Here are a few jots about the Bridal Veil & Gown
Posted by P. Bingham on January 17, 1998 at 15:09:52:
From Wedded Bliss, A Victorian Bride's Handbook. This shows how many of the customs practiced in the Regency were still prevelent all the way up to the turn-of-the-century...
1. Mamma came before and brought me a nosegay of orange flowers, I wore a white satin gown with a very deep flounce of Honiton lace, imitation of old. I wore my Turkish diamond necklace and earrings, and Albert's beautiful sapphire brooch. Queen Victoria in her journal, Feb 10, 1840
2. The traditional attire for a bride is a white satin gown of rich quality - or silk - the skirt plain, with graceful sweeping train. It is trimmed with lace and orange blossoms simply or eleborately, according to the taste or means of the wearer, and the veil of tulle or rich lace is held in place by a wreath or spray of orange blossoms. A wealthy bride is privileged to wear a tiara for the first time on her wedding day, it not being a jewel appropriate to girlhood. Diamond starts of graduating sizes, made detachable for wearing in other ways, is the favorite form of the diadem. The bride sometimes wears her veil over her face as she goes up the eisle, but returning it thrown back, showing her happy face to the world. Mrs. Burton Kingsland, Etiquette for All Occasions, 1901.
3. The bride wore white satin brocade in silver with full train and V-shaped corsage. The entire gown was veiled in old point de Venice, whicvh was worn by her mother and grandmother on their wedding days. The veil of the same lace was held by orange blossoms and a diamond tiara. She held a silver prayer-book set with jewels.
The bride wore a large diamond star, the gift of the bridegroom, pearl necklace, with diamond clasp and pendant, the gift of the bridegroom's sister, bar pin of seven diamonds on the front of the corsage, the gift of the bridegroom's mother.
She carried a bouquet composed of five bunches of roses, in one of which was hidden a ring, in accordance with a pretty superstition that the bridesmaid securing the bouquet with the ring will first of all become herself a bride.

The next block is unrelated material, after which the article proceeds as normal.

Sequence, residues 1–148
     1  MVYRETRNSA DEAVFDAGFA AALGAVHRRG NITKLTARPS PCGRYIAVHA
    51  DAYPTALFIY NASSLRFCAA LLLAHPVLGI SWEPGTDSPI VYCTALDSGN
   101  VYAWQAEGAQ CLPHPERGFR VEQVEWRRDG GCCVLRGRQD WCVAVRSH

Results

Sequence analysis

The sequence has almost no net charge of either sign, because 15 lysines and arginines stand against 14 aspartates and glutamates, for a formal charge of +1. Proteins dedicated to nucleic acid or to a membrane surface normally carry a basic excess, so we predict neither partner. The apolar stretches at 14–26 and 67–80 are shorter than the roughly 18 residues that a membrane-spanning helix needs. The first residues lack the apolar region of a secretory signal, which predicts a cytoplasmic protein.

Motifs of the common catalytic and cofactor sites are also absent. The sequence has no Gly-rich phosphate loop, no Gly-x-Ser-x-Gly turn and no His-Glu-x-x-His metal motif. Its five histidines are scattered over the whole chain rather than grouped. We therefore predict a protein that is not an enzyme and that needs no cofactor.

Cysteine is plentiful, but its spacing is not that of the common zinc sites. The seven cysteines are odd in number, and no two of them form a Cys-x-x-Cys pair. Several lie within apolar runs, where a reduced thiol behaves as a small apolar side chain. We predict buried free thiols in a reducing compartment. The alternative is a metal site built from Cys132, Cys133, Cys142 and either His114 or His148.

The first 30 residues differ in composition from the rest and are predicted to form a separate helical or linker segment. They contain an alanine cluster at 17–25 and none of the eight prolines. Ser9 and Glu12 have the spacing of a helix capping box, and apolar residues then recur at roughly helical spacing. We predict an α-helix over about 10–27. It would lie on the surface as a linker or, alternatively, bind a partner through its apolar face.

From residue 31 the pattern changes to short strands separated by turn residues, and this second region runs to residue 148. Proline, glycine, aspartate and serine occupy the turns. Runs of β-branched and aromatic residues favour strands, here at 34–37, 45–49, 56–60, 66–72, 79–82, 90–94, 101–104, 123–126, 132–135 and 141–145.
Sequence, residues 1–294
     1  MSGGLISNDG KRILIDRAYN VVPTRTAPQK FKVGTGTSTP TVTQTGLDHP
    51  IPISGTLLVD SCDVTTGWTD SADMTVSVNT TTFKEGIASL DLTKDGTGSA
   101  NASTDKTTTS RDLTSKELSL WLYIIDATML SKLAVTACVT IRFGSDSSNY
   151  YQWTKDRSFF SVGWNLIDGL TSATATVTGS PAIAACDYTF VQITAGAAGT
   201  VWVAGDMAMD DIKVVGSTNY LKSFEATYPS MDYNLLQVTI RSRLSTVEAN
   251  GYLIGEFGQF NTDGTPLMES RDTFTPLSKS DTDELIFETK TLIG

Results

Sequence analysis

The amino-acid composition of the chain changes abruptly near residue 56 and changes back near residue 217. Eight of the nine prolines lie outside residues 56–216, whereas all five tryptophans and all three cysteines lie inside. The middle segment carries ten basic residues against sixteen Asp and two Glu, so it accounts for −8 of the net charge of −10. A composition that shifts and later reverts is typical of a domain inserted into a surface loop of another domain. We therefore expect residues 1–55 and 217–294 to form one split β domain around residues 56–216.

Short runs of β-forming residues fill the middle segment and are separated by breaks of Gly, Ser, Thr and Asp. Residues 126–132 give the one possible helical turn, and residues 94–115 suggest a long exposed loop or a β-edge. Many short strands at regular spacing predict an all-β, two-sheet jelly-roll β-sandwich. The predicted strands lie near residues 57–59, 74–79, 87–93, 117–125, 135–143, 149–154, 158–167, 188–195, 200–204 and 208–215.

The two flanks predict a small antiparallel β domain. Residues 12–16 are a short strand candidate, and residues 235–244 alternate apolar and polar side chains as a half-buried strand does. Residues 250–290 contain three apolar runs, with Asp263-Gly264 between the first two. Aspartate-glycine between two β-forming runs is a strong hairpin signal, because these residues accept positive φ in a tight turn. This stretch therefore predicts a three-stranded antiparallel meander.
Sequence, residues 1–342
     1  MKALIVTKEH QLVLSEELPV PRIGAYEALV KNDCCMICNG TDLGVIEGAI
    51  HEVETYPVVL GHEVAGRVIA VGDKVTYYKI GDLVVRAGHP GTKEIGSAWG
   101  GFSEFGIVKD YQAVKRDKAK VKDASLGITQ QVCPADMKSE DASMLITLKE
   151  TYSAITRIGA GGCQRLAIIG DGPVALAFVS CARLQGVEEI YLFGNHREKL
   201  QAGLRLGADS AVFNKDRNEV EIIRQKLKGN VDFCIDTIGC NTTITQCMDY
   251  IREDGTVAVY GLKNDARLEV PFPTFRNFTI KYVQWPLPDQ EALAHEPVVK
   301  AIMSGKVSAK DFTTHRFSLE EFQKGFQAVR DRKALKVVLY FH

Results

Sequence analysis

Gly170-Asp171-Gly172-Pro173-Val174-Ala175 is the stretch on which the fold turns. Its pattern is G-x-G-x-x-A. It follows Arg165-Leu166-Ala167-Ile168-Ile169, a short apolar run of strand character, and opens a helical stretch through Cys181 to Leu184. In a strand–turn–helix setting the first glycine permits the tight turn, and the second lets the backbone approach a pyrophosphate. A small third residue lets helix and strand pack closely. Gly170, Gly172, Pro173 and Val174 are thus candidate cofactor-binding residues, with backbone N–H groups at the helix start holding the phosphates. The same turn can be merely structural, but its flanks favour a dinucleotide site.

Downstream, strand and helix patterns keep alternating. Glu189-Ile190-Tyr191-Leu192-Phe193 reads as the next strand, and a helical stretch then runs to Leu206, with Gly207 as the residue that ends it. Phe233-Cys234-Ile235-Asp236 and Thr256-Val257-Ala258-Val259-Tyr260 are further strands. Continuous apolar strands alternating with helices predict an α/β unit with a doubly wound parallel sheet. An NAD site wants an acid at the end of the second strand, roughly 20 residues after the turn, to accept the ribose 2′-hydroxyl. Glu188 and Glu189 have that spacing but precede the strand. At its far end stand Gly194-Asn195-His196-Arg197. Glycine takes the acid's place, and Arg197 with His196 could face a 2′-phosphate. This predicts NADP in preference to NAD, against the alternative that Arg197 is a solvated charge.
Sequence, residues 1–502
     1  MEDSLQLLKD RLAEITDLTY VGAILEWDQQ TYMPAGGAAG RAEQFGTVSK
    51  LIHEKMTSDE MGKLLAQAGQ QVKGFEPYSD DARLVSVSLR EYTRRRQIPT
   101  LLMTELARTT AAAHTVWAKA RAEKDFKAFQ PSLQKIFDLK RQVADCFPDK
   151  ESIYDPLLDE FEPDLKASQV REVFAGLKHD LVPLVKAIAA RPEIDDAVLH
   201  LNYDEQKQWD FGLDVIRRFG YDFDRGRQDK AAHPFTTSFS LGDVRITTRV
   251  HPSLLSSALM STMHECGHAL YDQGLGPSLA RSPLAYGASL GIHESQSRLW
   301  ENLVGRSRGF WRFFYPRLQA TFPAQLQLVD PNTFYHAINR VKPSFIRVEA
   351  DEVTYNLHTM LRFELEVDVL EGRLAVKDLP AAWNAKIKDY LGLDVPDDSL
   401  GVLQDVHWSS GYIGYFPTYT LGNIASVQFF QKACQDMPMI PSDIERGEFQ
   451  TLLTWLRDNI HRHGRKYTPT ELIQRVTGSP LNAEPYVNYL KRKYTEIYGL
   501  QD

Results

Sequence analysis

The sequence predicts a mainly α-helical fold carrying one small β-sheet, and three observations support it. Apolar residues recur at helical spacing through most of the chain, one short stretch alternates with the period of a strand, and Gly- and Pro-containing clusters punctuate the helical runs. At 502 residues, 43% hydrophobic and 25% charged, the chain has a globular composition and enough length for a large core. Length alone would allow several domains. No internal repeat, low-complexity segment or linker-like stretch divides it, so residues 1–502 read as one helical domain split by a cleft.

The bride, a petite brunette, wore an exquisite gown of white faille francaise draped with duchesse lace and a long moire antique train.
Demsey & Carroll, Wedding Etiquette, 1889.
4. No prettier arrangement of flowers was ever made than in the form of the "shower bouquet" for the bride, an English custom... a falling train of roses...with trailing ribbons hidden beneath the flowers fall down to the hem of the gown... Adelaide Gordon, Correct Social Usage, 1903
5. Mother & I went over the river to do some shopping, bought me wedding dress. It is plain Swiss muslin. I wanted whaite satin but could not have it so concluded to pass for beauty unadorned. After all I wish I could stand up in my every day frock sometimes without a fuss.
Sarah Elizabeth Jewell, In her Diary, July 15, 1841.
Here some men stuff...
Most bridegrooms would, from the fullness of their hearts, pay for everything connected with the comming event, but this would offend the delicasy of the bride and her friends. There is a law of etiquette concerning this, as all other matters. He should not fail to send the wedding bouquette to the bride, on the morning of the ceremony. he also should present the bride with some sort of jewelry. He should pay the clergyman's fee, bouquets to the brides'maids, scarf-pins, canes, sleeve buttons, or any other little rememberance which his ingenuity may suggest, to the groomsmen. Annie Randall White, Twentieth centry Etiqette, 1900.
The happy cortege should proceed in the following order, In the first carriage, the bride's mother and the parents of the bridegroom. In the second and the third the bridesmaids. other carriages with the bride's friend, In the last carriaeg, the bride and her father...
Nugent Robinson, Collier's Encyclopedia, 1883.
What about the groom? What happened to the groom?
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